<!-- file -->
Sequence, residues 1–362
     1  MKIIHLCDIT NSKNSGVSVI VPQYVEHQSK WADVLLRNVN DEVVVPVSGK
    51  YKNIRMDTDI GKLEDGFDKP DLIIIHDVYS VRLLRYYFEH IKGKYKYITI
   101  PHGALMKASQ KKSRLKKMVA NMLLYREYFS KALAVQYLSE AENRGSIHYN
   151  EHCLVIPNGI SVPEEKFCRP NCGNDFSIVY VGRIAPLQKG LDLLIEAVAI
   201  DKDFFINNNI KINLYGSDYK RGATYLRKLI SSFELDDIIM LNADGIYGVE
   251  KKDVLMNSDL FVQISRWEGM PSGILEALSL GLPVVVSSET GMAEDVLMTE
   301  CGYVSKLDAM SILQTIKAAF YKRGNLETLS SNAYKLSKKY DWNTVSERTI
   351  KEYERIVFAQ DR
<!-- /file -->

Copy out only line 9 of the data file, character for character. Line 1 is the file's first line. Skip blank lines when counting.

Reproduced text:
   351  KEYERIVFAQ DR